A lot has changed at this casino since our visit in 2013. At that time the parking lot was small and there was a $5.00 daily charge after the first night but now free RV parking has been added along the edges of the paved lot. There’s plenty of room for everybody. There are also large sandy lots along the entrance road. This is tribal land and there’s a $15.00 charge per night. Signs are posted with a phone number to call for a permit.   We did not visit the casino but according to my last post  - “The casino is roomy, fairly smoke free and has easy to move chairs and easy to reach money and card slots”.  Casino  34.16594, -114.26943

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Monday, February 4, 2019

Eldorado Canyon and Techatticup Mine

    For 70 years men dug gold, silver, copper and lead from the Techatticup Mine. This mine and others in Eldorado Canyon yielded millions of dollars in precious metals. The mine closed in 1945 and sat abandoned until Tony and Bobbie Werly bought it and the surrounding 51 acres in 1994. A few dilapidated buildings and some old equipment sat on the site. Over the years the Werly have restored and rebuilt buildings. Self described pickers and hoarders, they’ve added a large collection of old vehicles, mining equipment, antiques and pieces of scrap which are all artistically arranged. The site is not authentic but it’s a must see for anyone interested in photographing old buildings and old cars.


    All visitors are requested to sign in at the general store. Touring the site is free but there may be a charge for photography.  For $15.00 visitors can take a guided walking tour which includes a short trip into the mine. Although the general store has a few items for sale, it’s mostly filled with antiques, artifacts, and photographs. There’s very little written historic information but I think the walking tour includes it.
   The general store is accessible. Some of the site is surfaced with hard packed fine sand and is fairly accessible. Other areas have large, loose gravel which is difficult to push through. Few of the buildings are opened to visitors and most are not accessible. The walking tour does not have any steps and may be accessible with help. We did not go on it.
    The mine is about 13 miles southeast of US 95 on Route 165 which cuts through Eldorado Canyon.  Driving along Route 165 you’ll come to the small desert town of Nelson, continue for another 1 1/2 miles to the mine site. The parking lot on the right is large enough for any RV. Route 165 dead ends with a turn around loop and overlook at the Colorado River. We did not go that far.

   The mine site is surrounded by BLM land. It starts about 5 miles in on Route 165 and continues to the mine. There are several good boondocking spots before the town of Nelson but the best spot is just west the mine. It’s large with a slight slope and great views of the mountains and the mine buildings. A small wash may make the road a bit rough but any RV should be able to make it. Mine  35.7094, -114.80394

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Sunday, February 3, 2019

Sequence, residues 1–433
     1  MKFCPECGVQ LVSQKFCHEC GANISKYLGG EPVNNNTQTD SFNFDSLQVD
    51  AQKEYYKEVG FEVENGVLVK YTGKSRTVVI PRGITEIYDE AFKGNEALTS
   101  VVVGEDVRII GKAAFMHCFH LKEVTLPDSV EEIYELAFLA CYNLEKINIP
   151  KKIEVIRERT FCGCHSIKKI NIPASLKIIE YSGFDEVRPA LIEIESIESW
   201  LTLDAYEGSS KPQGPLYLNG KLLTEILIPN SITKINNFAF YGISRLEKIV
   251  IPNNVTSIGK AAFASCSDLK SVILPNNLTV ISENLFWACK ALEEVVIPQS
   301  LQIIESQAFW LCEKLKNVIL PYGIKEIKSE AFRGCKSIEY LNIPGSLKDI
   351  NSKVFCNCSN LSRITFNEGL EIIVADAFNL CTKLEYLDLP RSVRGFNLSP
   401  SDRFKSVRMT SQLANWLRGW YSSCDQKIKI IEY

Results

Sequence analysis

Van Morrison at Caesars Palace Colosseum

  
  Van Morrison is one of my favorite 70s singer/song writers so when our daughter saw that he was performing in Las Vegas she bought Tony and me concert tickets as a Christmas present. (Thanks Eden!)  Van Morrison’s style today is much more bluesy than in his early days and he plays around with the melodies, words, and composition – still Van Morrison but with a throatier voice and a more complex presentation. The band is excellent and Morrison, at 73, can still belt out songs, play guitar, harmonica and saxophone.

    Enter the casino from Las Vegas Blvd and follow the signs a short distance to the theater entrance. A usher will help push up the ramp if necessary before escorting attendees to their seats. Each tier of the theater has a section of accessible seating with movable chairs so attendees can stay in their own chair or move to the theater chairs. All tiers, except maybe the second one, have companion seating.  We had great seats in the last row of the first tier but all of seats look like they have good views plus two huge screens allow for closeup views.

   We parked in the lot behind Ballys.  On previous visits to Vegas this was our overnight spot when we wanted to see the Strip but a couple of years ago it was gated off to become a fee parking lot. The fee for 4-24 hours is $12.00.  Payment is by credit card. The lot gets busy so finding space for a large vehicle can be difficult. It may be possible to stay overnight in an RV but we did not try it. The sidewalks and curb cuts are in good condition. Colosseum Parking
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Friday, February 1, 2019

Havasu Heights Boondocking

    Driving north of Havasu City we passed two popular boondocking areas. We decided to continue to this one because we thought it was far enough away from the city to keep the number of campers down. The dozen or so RVs scattered in a large clearing was still more than we expected but we drove a short distance and found a spur away from the crowd with nice mountain views. It was fairly quiet with some traffic noise that died down at night. Boondock  34.6627, -114.30779